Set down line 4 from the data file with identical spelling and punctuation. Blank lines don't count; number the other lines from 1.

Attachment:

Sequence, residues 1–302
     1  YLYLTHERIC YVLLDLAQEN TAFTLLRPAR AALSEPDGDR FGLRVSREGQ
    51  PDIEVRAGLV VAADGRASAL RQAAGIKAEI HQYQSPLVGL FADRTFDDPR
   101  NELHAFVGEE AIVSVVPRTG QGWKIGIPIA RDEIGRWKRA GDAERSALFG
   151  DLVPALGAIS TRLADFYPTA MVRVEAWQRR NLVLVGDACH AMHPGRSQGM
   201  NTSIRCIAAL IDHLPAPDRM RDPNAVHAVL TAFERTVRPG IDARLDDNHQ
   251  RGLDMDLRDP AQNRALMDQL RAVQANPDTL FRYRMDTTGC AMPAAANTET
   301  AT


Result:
   101  NELHAFVGEE AIVSVVPRTG QGWKIGIPIA RDEIGRWKRA GDAERSALFG